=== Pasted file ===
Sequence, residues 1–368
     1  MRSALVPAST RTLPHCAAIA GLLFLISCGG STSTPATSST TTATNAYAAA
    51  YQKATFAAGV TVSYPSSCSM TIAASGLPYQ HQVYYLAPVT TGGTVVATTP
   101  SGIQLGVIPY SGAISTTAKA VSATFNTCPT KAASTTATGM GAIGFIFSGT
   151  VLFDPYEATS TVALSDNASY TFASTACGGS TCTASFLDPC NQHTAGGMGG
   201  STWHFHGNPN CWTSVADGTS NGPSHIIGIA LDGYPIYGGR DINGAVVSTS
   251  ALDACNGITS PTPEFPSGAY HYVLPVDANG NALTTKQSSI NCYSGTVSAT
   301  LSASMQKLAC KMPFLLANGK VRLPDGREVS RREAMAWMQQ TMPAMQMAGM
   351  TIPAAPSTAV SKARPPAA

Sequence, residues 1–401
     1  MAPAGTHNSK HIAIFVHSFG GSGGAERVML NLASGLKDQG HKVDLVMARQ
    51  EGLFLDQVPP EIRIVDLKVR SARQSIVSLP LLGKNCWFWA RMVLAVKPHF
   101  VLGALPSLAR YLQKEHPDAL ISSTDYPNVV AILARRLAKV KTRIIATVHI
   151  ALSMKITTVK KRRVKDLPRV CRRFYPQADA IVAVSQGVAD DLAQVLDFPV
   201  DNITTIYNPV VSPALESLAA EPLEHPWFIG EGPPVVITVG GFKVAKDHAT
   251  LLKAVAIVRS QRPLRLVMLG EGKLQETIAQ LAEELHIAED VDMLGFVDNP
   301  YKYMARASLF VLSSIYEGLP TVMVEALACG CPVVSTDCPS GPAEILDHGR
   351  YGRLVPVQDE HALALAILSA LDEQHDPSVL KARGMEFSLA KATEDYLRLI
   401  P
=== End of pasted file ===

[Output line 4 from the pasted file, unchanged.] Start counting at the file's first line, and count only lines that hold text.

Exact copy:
   101  SGIQLGVIPY SGAISTTAKA VSATFNTCPT KAASTTATGM GAIGFIFSGT